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Paul Ryan's big moment arrives, but can he deliver?


Paul Ryan – once a little known Wisconsin congressman who specialised in the federal budget – will complete a remarkable political ascent tonight when he accepts the nomination to be Mitt Romney's running mate in the Republican bid to retake the White House in November.

At a send-off rally in the gym of his old high school on the eve of his arrival in Tampa, Mr Ryan offered a taste of what he will be telling convention delegates today, urging cuts in both government spending and taxes to revive the country's flagging economy.

Calling President Obama's America "a nation in debt, a nation in doubt, a nation in decline," he pledged that a Romney administration would not dodge the tough issues, as Republicans accuse Mr Obama of doing. "We are going to lead" he declared.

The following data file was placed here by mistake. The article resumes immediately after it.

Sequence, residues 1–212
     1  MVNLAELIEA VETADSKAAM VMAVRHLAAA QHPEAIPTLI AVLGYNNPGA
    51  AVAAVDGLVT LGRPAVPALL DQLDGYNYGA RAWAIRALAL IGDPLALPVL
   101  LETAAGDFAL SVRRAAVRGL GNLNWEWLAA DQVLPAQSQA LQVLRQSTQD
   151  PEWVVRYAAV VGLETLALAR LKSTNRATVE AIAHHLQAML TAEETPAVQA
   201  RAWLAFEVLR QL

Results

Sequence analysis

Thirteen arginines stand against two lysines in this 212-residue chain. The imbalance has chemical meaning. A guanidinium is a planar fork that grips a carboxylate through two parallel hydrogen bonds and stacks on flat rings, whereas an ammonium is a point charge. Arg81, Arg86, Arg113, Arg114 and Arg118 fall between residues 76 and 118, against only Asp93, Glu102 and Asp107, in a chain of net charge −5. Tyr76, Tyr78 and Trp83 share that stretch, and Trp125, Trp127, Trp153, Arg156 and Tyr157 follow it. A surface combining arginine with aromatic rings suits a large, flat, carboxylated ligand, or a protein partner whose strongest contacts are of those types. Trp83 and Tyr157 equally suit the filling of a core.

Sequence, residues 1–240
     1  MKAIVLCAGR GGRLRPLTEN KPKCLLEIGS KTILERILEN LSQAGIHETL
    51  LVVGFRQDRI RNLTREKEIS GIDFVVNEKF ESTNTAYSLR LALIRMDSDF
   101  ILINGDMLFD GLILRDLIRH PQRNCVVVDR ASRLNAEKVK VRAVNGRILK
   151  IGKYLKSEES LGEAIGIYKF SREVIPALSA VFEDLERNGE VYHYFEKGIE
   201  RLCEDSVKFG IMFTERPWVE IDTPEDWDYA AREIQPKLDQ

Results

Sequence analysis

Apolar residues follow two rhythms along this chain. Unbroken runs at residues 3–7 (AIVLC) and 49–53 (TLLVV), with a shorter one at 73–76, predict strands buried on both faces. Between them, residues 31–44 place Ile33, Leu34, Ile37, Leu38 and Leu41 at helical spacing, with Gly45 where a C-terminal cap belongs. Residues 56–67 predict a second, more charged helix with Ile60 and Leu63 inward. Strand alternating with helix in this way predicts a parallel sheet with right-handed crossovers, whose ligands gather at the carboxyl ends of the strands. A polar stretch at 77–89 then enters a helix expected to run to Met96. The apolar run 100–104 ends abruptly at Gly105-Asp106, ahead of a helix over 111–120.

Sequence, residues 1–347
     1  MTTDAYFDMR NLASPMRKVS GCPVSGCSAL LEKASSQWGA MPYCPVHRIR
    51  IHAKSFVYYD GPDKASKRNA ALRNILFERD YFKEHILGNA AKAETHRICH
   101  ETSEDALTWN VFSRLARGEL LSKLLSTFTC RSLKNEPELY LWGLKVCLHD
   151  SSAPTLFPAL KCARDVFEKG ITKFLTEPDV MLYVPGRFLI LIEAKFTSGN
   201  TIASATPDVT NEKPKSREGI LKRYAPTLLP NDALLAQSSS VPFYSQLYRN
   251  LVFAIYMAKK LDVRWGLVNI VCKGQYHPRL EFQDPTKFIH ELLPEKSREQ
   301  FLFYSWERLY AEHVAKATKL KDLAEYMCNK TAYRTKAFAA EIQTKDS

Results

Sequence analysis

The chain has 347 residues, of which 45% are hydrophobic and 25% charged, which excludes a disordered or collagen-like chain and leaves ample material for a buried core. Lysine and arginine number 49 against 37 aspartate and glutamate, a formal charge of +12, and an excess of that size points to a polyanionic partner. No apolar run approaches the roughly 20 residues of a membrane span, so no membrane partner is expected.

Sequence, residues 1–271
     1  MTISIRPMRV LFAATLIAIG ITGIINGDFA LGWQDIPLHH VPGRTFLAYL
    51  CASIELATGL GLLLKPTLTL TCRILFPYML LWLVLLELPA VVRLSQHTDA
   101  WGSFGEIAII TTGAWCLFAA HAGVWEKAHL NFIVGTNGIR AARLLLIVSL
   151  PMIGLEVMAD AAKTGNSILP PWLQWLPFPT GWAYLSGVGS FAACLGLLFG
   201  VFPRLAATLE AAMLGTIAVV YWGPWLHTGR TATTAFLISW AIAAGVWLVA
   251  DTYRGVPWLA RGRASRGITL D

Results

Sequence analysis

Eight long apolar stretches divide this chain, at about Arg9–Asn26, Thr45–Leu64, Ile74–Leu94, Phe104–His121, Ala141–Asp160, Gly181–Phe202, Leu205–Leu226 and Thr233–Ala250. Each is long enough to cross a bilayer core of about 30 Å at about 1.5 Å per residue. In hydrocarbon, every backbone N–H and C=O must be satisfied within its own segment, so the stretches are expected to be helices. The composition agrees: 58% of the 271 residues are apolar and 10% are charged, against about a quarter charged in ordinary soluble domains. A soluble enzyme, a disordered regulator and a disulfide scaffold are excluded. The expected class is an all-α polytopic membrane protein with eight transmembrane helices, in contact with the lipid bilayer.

The choice of the 42 year-old Mr Ryan has sent a jolt of excitement through the party's conservative wing, still unconvinced that the party's presidential candidate is truly one of its number. That boost in morale has not yet been reflected in the polls – most of which show Mr Obama still narrowly ahead – but it has increased Republican chances of carrying Wisconsin, a state that Republicans last won in 1984.

Tonight however, Mr Ryan must deliver the red meat conservatives expect without putting off moderates among the 20 to 30 million Americans likely to watch his acceptance speech on television.

Two problems dog him. One is abortion, where their co-sponsorship of bills that would give full legal rights to a foetus from the moment of conception has tied Mr Ryan to the Missouri Senate candidate Todd Akin, whose remarks about rape earlier this month caused uproar.

The other is his proposal to part-privatise Medicare, the popular but extremely costly government healthcare programme for the elderly.